The first concern of the Emir of Qatar is the prosperity and security of the tiny kingdom. To achieve that, he knows no limits. Stuck between Iran and Saudi Arabia is Qatar with the third largest natural gas deposit in the world. The gas gives the nearly quarter of a million Qatari citizens the highest per capita income on the planet and provides 70 percent of government revenue. How does an extremely wealthy midget with two potentially dangerous neighbors keep them from making an unwelcomed visit? Naturally, you have someone bigger and tougher to protect you. Of course, nothing is free. The price has been to allow the United States to have two military bases in a strategic location. According to Wikileak diplomatic cables, the Qataris are even paying sixty percent of the costs. Having tanks and bunker busting bombs nearby will discourage military aggression, but it does nothing to curb the social tumult that has been bubbling for decades in the Middle Eastern societies. Eighty-four years ago, the Moslem Brotherhood arose in Egypt because of the presence of foreign domination by Great Britain and the discontent of millions of the teaming masses yearning to be free. Eighty-four years later, the teaming masses are still yearning.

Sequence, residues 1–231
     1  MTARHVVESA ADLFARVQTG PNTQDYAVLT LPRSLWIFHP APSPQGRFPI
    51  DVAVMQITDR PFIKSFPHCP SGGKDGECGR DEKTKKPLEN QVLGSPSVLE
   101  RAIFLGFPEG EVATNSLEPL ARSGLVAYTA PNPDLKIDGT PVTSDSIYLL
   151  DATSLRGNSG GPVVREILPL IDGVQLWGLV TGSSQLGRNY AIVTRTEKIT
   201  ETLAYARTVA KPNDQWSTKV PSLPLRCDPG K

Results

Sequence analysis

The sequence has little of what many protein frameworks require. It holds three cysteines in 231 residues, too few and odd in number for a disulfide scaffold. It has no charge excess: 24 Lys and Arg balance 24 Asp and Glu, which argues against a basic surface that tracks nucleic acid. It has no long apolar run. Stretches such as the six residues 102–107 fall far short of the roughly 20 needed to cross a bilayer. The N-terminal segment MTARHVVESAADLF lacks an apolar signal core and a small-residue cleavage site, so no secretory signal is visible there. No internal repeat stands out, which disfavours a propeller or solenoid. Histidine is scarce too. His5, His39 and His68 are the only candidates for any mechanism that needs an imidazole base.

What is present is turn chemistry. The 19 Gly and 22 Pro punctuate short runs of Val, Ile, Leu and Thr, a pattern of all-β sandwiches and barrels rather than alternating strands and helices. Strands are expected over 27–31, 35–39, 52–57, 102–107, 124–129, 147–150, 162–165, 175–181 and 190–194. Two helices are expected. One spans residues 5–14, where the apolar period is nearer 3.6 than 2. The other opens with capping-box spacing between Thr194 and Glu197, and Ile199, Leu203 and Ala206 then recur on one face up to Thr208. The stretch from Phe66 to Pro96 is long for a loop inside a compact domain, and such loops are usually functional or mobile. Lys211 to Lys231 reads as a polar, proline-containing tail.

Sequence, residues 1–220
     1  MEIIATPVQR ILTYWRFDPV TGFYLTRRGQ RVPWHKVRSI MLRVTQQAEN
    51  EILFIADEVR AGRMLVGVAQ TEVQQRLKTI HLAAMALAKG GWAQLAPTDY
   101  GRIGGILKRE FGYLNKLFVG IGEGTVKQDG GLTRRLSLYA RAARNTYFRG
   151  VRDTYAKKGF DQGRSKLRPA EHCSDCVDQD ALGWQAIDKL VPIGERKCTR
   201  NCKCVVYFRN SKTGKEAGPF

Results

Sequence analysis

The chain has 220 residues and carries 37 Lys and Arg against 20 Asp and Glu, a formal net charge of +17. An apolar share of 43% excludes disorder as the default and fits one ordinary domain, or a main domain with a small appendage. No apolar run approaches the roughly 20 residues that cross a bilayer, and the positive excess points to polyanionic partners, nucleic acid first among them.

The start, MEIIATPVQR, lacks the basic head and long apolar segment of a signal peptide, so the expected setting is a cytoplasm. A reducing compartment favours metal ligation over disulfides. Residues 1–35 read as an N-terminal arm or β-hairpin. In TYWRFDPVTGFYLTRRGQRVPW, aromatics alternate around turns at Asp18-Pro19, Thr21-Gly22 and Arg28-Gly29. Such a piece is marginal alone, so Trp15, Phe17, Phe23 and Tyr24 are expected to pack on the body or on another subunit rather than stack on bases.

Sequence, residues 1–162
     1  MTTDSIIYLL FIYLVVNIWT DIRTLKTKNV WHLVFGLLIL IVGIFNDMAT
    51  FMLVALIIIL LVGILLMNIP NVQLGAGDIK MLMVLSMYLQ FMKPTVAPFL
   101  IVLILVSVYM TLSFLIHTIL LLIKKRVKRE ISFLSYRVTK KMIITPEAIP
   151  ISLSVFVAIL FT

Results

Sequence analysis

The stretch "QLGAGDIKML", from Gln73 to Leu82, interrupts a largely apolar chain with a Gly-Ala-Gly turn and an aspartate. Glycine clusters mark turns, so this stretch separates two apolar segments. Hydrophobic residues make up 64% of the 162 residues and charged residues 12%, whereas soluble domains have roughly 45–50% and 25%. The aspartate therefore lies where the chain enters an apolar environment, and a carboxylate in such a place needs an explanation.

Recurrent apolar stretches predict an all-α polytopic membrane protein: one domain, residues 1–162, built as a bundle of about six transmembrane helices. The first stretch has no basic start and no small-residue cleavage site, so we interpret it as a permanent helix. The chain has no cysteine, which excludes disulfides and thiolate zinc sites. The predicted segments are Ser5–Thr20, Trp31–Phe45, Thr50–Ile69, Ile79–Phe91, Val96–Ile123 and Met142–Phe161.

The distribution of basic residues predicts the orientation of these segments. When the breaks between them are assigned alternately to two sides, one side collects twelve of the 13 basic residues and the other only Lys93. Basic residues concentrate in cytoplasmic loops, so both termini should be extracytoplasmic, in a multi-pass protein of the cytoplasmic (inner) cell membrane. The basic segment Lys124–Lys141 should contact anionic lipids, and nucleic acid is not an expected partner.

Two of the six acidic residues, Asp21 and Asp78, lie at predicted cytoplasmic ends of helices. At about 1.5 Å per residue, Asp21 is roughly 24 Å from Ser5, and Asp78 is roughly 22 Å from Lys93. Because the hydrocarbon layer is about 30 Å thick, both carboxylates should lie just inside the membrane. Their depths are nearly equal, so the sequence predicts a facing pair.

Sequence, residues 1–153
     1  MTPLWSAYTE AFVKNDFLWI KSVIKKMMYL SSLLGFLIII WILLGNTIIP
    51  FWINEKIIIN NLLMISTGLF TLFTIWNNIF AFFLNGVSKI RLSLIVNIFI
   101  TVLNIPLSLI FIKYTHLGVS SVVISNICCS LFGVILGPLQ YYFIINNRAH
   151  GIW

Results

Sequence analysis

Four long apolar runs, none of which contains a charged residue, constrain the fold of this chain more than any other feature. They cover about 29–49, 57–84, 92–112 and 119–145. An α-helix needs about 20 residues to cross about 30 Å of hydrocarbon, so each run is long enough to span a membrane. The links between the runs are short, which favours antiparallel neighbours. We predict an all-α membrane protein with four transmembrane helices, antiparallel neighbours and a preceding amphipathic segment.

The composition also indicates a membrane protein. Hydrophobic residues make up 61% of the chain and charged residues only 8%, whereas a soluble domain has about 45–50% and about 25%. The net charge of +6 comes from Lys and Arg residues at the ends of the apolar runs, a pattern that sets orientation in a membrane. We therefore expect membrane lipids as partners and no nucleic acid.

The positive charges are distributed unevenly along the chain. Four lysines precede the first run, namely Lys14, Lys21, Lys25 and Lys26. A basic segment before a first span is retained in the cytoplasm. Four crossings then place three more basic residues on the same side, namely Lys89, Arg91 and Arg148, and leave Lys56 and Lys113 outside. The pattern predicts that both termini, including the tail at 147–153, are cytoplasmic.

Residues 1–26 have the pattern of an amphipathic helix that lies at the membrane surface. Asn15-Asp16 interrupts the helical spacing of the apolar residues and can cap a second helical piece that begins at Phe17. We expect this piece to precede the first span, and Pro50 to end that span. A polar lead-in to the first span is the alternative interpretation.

The United States, long considered the standard bearer for economic freedom among large industrial nations, has experienced a remarkable plunge in economic freedom during the past decade. From 1980 to 2000, the US was generally rated the third freest economy in the world, ranking behind only Hong Kong and Singapore. The ranking of the US has fallen precipitously; from second in 2000 to eighth in 2005 and 19th in 2010. By 2009, the United States had fallen behind Switzerland, Canada, Australia, Chile, and Mauritius, countries that chose not to follow the path of massive growth in government financed by borrowing that is now the most prominent characteristic of US fiscal policy. By 2010, the United States had also fallen behind Finland and Denmark, two European welfare states. Moreover, it now trails Bahrain, the United Arab Emirates, Estonia, Taiwan, and Qatar. The Fraser Institute's massive volume on the Economic Freedom Of The World - based on the following five factors: Size of Government, Legal System & Property Rights, Sound Money, Freedom to Trade Internationally, and Regulation - covers 42 variables with the goal of quantifying the key ingredients of economic freedom.
Health Tip for Paper Money Users
- World on track for record food prices 'within a year' due to US drought (Telegraph)
- Foxconn halts production at plant after mass brawl (BBC)
- Germany Losing Patience With Spain as EU Warns on Crisis Effort (Bloomberg)
- Fed Recovery Doubts Spur Investor Bid for Treasuries (Bloomberg)
- Japan protests as Chinese ships enter disputed waters (Reuters)
- In Shark-Infested Waters, Resolve of Two Giants Is Tested (NYT)
- China jails Wang Lijun for 15 years (FT)
- China closes in on Bo Xilai after jailing ex-police chief (Reuters)
- European Leaders Struggle to Overcome Crisis Stalemate (Bloomberg)
- Politicians 1: Austerity 0 - Portugal Gives Ground on Worker Contributions (WSJ)
- Obama Controls Most of His Money as Republicans Have More (Bloomberg)
- Coeure Says Not Clear That Further ECB Interest-Rate Cut Needed (Bloomberg)
- France Seeks Labour Overhaul (WSJ)